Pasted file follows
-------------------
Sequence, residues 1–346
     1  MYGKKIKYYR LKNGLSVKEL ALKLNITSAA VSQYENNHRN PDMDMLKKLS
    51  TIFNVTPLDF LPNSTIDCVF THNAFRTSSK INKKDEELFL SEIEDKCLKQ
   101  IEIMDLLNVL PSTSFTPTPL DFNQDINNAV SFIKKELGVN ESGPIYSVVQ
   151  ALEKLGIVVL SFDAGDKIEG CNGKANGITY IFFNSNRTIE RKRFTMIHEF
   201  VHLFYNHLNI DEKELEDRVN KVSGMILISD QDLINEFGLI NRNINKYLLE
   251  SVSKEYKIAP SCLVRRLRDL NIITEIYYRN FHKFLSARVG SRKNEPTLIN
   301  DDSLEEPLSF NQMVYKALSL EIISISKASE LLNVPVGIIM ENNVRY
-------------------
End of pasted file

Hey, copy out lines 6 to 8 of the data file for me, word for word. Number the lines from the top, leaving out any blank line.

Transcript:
   201  VHLFYNHLNI DEKELEDRVN KVSGMILISD QDLINEFGLI NRNINKYLLE
   251  SVSKEYKIAP SCLVRRLRDL NIITEIYYRN FHKFLSARVG SRKNEPTLIN
   301  DDSLEEPLSF NQMVYKALSL EIISISKASE LLNVPVGIIM ENNVRY